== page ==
Nurturing is a hot topic – and right now, almost all of my projects are focused on nurturing. Just in case this is on your list, here is the process that worked for me:
- First, determine a prospect story arc – the experience for a prospect from the time they engage with your company until they make a purchase. Where do they start? What process do they go through to get to buying? To get ideas, talk to sales, review marketing results and talk to customers as well.
- Second, determine where you can segment nurture streams. Do you need more than one? Where can you personalize the journey to make it more meaningful for prospects? Which segments have enough volume and a unique enough message to create something just for them?
- Next, do a content audit – once you have an idea of what your prospects need to know, you can see what’s available. Look for a mix of light content, product specific content and then content specifically designed to qualify prospects and move them down the funnel. If you don’t have enough, make a list of specific assets you need to develop and get started.
- Look at multi-channel possibilities. Besides outbound email, what else can you do to reach your prospects? Postal mail? Responsive web pages? Outbound calls? Mobile? Mix up nurture so that you can reach your prospects in a number of ways.
- Look for accelerators – what offers or actions can you add in your nurture streams to get a prospect to raise their hand as a buyer? A demo? A special discount? A good rule of thumb is for every 4 content based emails, you should offer something promotional to let buyers show they are ready to engage.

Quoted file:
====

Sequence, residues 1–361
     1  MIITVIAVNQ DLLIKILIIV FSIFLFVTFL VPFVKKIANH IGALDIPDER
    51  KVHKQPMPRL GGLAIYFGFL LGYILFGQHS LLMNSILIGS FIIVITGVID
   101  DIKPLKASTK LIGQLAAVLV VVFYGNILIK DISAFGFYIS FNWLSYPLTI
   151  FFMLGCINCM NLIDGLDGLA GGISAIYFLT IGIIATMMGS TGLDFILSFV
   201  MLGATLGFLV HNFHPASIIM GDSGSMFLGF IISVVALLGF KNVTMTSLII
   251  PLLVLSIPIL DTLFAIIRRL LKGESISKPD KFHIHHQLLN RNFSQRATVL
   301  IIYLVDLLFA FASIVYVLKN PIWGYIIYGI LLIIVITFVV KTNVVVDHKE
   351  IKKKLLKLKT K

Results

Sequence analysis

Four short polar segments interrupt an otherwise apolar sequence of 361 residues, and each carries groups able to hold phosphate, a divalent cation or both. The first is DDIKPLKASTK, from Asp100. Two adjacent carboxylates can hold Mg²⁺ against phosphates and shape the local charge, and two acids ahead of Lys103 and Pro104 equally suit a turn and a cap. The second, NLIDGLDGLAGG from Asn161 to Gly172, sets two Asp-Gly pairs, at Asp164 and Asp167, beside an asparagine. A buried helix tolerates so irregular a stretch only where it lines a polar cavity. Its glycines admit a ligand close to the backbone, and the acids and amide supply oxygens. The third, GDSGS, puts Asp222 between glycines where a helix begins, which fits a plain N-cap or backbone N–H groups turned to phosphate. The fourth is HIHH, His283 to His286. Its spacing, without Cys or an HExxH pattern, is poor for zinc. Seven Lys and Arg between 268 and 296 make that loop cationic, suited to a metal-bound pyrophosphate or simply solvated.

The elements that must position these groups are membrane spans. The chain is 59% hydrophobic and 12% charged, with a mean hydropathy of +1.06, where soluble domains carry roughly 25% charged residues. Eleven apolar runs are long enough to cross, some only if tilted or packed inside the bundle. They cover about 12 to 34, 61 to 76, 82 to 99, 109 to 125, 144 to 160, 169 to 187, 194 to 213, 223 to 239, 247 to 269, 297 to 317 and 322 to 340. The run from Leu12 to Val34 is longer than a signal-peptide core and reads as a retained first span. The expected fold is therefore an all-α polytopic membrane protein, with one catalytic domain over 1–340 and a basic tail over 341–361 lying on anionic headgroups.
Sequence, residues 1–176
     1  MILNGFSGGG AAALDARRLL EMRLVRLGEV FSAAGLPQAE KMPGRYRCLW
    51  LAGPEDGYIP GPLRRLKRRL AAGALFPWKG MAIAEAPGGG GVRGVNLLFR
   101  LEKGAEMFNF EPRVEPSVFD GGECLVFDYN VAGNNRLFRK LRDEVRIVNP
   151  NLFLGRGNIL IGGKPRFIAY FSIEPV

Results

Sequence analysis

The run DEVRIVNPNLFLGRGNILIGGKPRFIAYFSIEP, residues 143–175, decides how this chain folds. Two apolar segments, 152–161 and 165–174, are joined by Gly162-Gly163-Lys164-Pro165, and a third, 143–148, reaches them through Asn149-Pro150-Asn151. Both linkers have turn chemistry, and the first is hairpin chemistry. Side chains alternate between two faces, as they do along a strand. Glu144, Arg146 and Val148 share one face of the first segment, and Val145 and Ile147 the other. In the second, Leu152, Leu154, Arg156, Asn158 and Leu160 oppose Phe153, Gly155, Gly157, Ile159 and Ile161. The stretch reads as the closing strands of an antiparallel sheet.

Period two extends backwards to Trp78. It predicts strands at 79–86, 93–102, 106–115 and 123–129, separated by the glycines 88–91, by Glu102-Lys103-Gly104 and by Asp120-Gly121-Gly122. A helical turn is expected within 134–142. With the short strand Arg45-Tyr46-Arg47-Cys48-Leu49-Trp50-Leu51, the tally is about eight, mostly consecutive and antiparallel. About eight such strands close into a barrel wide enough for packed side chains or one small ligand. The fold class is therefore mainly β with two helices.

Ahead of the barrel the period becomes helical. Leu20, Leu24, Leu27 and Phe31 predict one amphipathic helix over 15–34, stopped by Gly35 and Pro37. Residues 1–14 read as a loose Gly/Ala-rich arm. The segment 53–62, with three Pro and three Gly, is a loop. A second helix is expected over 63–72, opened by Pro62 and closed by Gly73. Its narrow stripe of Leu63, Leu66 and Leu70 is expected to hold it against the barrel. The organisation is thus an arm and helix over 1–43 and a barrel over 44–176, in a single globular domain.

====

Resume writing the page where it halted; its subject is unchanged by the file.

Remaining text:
- Think about nurture at all stages of a lead pipeline. Once someone has become a qualified lead, does the story arc and content change? How about once they move to an opportunity?
- Keep a closed loop. If someone buys, move them into a retention, upsell or cross sell track. If they get to an opportunity stage and don’t buy, vary the next path based on the reason the account didn’t close. If they went with a competitor, consider waiting a few months and then hit them with content that targets your competitor’s weaknesses. If the opportunity didn’t close because of lack of budget, trigger a nurture campaign to kick off when they have money available.
- Once you have your program outlined, determine technical requirements – does your current marketing automation software support what you want to do? Or is it time to look into another solution? Do you need an expert to set it up? Nurture can be tricky. But my advice is to develop the right nurture program first and not to let your technology drive what you execute.
- Sync with sales. Nurturing is specifically intended to support sales. Share your ideas with your sales team and get their feedback. And make sure everyone is on the same page. Good salespeople are keeping in touch with their prospects. Make sure you understand what they’re sending so your prospects don’t get duplicate offers or mixed messages.
- Before you kick off nurturing, make sure you’ve determined what to track and how to track it. Nurturing reports can be tricky – in an ideal world, you track the success of any individual touch and also aggregate the contribution of the nurture program to opportunities or sales. Don’t forget to watch your unsubscribe metric. If you find certain content is spiking unsubscribes, delete or rework it, so you don’t burn good leads.
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